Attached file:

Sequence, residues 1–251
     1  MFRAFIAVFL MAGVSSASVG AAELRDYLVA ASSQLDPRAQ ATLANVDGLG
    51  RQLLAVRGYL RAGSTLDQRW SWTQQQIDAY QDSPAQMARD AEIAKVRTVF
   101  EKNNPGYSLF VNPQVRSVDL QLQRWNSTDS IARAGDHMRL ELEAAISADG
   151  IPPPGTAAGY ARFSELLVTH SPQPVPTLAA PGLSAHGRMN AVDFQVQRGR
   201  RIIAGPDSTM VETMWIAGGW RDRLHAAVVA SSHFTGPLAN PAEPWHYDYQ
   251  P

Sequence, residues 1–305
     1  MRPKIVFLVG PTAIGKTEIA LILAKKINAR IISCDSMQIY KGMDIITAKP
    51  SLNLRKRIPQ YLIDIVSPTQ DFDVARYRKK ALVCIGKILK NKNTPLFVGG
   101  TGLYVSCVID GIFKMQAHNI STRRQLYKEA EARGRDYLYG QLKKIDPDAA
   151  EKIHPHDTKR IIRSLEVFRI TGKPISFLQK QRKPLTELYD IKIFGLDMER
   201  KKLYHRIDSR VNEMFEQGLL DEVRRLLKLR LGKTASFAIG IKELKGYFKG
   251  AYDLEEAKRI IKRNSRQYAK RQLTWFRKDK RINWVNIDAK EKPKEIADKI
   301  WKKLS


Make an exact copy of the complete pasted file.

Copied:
Sequence, residues 1–251
     1  MFRAFIAVFL MAGVSSASVG AAELRDYLVA ASSQLDPRAQ ATLANVDGLG
    51  RQLLAVRGYL RAGSTLDQRW SWTQQQIDAY QDSPAQMARD AEIAKVRTVF
   101  EKNNPGYSLF VNPQVRSVDL QLQRWNSTDS IARAGDHMRL ELEAAISADG
   151  IPPPGTAAGY ARFSELLVTH SPQPVPTLAA PGLSAHGRMN AVDFQVQRGR
   201  RIIAGPDSTM VETMWIAGGW RDRLHAAVVA SSHFTGPLAN PAEPWHYDYQ
   251  P

Sequence, residues 1–305
     1  MRPKIVFLVG PTAIGKTEIA LILAKKINAR IISCDSMQIY KGMDIITAKP
    51  SLNLRKRIPQ YLIDIVSPTQ DFDVARYRKK ALVCIGKILK NKNTPLFVGG
   101  TGLYVSCVID GIFKMQAHNI STRRQLYKEA EARGRDYLYG QLKKIDPDAA
   151  EKIHPHDTKR IIRSLEVFRI TGKPISFLQK QRKPLTELYD IKIFGLDMER
   201  KKLYHRIDSR VNEMFEQGLL DEVRRLLKLR LGKTASFAIG IKELKGYFKG
   251  AYDLEEAKRI IKRNSRQYAK RQLTWFRKDK RINWVNIDAK EKPKEIADKI
   301  WKKLS